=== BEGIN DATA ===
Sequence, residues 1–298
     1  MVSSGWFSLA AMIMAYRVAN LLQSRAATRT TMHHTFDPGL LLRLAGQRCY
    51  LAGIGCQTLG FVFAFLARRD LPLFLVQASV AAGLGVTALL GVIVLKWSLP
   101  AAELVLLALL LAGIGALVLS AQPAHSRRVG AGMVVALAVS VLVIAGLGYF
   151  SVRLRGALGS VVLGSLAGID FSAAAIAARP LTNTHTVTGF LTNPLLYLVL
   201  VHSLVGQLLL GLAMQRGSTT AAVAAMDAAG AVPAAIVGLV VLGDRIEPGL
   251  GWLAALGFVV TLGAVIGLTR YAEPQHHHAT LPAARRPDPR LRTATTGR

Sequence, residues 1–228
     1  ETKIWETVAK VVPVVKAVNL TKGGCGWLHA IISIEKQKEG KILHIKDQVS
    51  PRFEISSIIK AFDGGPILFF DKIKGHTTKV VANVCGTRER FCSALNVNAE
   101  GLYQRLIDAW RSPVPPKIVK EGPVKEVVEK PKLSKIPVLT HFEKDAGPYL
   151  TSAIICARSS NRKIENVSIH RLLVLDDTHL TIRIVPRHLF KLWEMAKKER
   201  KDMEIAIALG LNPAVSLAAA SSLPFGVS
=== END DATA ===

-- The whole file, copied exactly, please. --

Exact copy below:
Sequence, residues 1–298
     1  MVSSGWFSLA AMIMAYRVAN LLQSRAATRT TMHHTFDPGL LLRLAGQRCY
    51  LAGIGCQTLG FVFAFLARRD LPLFLVQASV AAGLGVTALL GVIVLKWSLP
   101  AAELVLLALL LAGIGALVLS AQPAHSRRVG AGMVVALAVS VLVIAGLGYF
   151  SVRLRGALGS VVLGSLAGID FSAAAIAARP LTNTHTVTGF LTNPLLYLVL
   201  VHSLVGQLLL GLAMQRGSTT AAVAAMDAAG AVPAAIVGLV VLGDRIEPGL
   251  GWLAALGFVV TLGAVIGLTR YAEPQHHHAT LPAARRPDPR LRTATTGR

Sequence, residues 1–228
     1  ETKIWETVAK VVPVVKAVNL TKGGCGWLHA IISIEKQKEG KILHIKDQVS
    51  PRFEISSIIK AFDGGPILFF DKIKGHTTKV VANVCGTRER FCSALNVNAE
   101  GLYQRLIDAW RSPVPPKIVK EGPVKEVVEK PKLSKIPVLT HFEKDAGPYL
   151  TSAIICARSS NRKIENVSIH RLLVLDDTHL TIRIVPRHLF KLWEMAKKER
   201  KDMEIAIALG LNPAVSLAAA SSLPFGVS